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Inflationary pressures still on the rise: Consumer prices climbed to 12.2% in December, significantly above the NBS target range.
Inflation registered in December the highest year on year reading in a year. Consumer prices climbed to -0.9% mom/+12.2% yoy in last December vs. +0% mom/+11.9% yoy in November against only +0.6% mom/+2.7% yoy in April2012. The categories with the highest increase on a monthly basis were health (+1.3% mom) and household equipment (+1.1% mom). Food prices, the main driver behind inflation in the past months declined further by -1.5% mom in December vs. -0.7% mom in November, the second consecutive negative reading after last July 2012. The December reading was the highest in 2012, a very volatile year as long as inflation is concerned. Average inflation declined to 7.3% in 2012 vs. 11.2% in 2011, only because inflation remained within the target band in 1H-2012. After bottoming out at 2.7% yoy in April 2012, inflation started accelerating in the 2H on a new supply side shock. The inflation rally was predominantly driven by supply-side factors related primarily to domestic unprocessed and processed food prices. The food prices shock was exacerbated by the high weight of food-37.8%- in the consumption basket. As a result, food inflation recorded its highest yearly reading in October (+3.1% mom /+17% yoy) up from only +1.3% mom/-2.5% yoy in March2012, only to step down to -1.5% mom/+15.4% yoy in December. Food inflation accounted for 70% of the cumulative rise in inflation between April and December. The implementation of a VAT hike in October (from 18% to 20%) coupled with higher oil prices worldwide contributed as well. Inflation is seen as rising further on administered prices and peaking within 1H- 2013. The hikes in administered prices, including the rise in electricity (by 12%) and natural gas prices (by 10%), will weigh negatively on inflation outlook in the period ahead. In contrast, the impact from higher food prices will start to fade away as the new agricultural season will kick in. All in, we continue see inflation rising up to 13.5% in the 1H-2013 and then trend lower primarily on base effects and low aggregate demand pressures.
To address the rising inflation risks, NBS hiked interest rates by a cumulative of 225bps from 9.5% to 11.75% between June2012- February 2013. On February 5th, NBS hiked by 25bps to 11.75% despite the expectations of the majority of analysts. The Central Bank highlighted the inflationary impact of regulatory prices hikes and their potential spillover effects on inflation expectations as one of the main reasons behind the decision to hike. Looking ahead the Central Bank has also brought up the impact of governments fiscal consolidation strategy and the stability of the domestic currency as important determinants of inflation outlook. Indeed, the domestic currency has recouped some of its earlier losses. Dinar traded at 111.16/€ on February 18th, against a an all time low at 119.3/€ on August 8th, 2012.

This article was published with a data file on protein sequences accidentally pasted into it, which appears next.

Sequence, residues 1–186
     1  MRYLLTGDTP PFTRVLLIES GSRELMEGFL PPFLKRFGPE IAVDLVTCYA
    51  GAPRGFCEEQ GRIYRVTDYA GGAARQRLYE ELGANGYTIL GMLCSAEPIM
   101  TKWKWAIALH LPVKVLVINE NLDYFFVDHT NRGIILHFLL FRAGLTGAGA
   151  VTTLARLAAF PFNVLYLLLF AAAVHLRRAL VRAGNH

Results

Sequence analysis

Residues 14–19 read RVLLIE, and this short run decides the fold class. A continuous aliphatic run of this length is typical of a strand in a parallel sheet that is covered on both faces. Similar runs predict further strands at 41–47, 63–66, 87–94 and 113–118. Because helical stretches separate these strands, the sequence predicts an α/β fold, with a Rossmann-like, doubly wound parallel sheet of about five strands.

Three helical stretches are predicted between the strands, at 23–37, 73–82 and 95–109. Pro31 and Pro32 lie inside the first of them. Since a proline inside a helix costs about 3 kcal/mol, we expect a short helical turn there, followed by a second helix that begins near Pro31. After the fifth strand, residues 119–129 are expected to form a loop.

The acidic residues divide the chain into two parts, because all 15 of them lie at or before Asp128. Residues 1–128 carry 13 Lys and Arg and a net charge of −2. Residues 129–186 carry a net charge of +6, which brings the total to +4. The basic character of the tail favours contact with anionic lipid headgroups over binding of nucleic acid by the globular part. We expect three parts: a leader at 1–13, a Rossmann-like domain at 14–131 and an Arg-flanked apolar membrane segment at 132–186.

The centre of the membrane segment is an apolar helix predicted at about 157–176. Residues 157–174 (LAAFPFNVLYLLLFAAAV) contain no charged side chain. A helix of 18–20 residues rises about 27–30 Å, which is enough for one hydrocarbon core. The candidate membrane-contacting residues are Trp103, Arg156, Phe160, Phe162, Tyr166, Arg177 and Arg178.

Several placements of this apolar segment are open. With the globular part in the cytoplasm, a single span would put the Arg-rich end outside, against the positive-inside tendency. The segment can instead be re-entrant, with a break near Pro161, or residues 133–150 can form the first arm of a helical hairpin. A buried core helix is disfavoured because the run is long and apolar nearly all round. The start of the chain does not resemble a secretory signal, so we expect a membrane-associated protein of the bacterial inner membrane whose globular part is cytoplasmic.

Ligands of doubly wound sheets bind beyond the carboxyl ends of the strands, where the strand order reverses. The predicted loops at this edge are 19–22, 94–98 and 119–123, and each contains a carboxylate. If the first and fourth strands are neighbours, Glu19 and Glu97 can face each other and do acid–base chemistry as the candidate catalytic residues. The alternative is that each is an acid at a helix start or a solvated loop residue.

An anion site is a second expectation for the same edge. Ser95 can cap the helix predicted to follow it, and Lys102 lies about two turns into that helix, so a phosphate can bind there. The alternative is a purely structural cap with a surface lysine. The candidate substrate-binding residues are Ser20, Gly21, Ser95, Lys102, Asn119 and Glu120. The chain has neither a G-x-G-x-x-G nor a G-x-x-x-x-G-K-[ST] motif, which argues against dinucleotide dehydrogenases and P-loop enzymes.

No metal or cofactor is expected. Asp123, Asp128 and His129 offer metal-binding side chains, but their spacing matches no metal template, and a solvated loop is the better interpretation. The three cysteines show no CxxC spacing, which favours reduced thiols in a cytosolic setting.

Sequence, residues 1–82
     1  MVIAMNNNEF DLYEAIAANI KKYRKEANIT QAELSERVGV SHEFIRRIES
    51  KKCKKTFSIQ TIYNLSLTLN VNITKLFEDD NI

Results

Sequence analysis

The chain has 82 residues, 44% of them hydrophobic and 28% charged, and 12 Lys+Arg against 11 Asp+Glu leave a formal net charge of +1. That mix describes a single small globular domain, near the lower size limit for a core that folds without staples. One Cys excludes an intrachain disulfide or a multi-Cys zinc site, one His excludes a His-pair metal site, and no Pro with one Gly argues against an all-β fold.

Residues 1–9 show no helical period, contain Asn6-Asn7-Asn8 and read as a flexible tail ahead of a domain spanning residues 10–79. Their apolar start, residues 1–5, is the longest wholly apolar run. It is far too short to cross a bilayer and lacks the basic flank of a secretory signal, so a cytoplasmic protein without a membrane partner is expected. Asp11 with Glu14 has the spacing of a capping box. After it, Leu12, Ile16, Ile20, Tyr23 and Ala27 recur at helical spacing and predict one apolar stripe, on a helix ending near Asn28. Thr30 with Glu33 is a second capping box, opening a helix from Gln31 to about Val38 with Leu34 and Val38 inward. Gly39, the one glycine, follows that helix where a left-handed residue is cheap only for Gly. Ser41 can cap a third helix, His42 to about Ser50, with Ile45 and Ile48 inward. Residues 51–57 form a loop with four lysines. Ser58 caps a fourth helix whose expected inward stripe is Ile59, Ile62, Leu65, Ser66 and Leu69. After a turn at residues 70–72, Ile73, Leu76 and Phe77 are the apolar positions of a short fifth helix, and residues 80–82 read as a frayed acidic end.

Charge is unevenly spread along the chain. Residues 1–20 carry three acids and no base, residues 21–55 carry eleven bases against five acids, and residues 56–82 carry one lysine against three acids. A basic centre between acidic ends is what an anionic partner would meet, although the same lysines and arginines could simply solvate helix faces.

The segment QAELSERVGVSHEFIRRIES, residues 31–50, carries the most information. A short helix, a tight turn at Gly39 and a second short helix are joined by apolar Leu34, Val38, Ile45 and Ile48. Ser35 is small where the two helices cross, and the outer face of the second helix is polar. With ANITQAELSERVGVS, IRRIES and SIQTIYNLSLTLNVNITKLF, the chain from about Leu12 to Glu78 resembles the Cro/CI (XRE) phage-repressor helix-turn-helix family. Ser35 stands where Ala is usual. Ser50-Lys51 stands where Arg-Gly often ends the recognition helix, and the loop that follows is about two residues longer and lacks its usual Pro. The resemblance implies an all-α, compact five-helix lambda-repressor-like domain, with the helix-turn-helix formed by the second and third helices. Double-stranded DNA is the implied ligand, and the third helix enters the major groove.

Surge in pre-election spending and inadequate fiscal consolidation measures resulted in visible deterioration in public finances in 2012
The fiscal position of Serbia deteriorated visibly in 2012. Driven by high pre-election spending, the fiscal deficit soared to 7% of GDP in the 1H-2012. In order to address the mini fiscal crisis, the incoming government adopted in September 2012 a revised budget and introduced a new fiscal consolidation package. Those measures aimed to contain the full year budget deficit at RSD 203.6bn or 6.2% of projected GDP in 2012. Both the Fiscal Council and the IMF assessed that the measures identified would be insufficient to contain the deficit. Although the package provided for some immediate revenue raising measures, it provided for additional expenditures initiatives so that the overall result would be negative. The government accomplished to finish the year with a slightly smaller budget deficit, outperforming the revised target. The budget deficit came at RSD 191.8bn or 5.9% of projected GDP in 2012 vs. RSD 132.5bn or 4.2% of GDP in 2011, expanding by 42% yoy. The outcome is considerably higher than the original deficit target of RSD 140bn agreed within the framework of the precautionary agreement with IMF last year. Both revenues and expenditures underperformed those figures of the budget revision. Total revenues stood at 788.5bn, 5% below the planned level of RSD 829.6bn. The underperformance was largely driven by non tax revenues. On the positive side, VAT revenues expanded by 7.3% yoy driven by the VAT hike by 2pps (from 18 to 20%) performing relatively well in a recessionary environment. Total expenditures reached RSD 980.3bn, 5.2% below the planned level of RSD 1.033bn in the revised budget. The underperformance of expenditure was larger on a nominal basis (52bn vs. 41bn) and was explained by the underperformance of expenditure on wages and procurement and capital expenditures.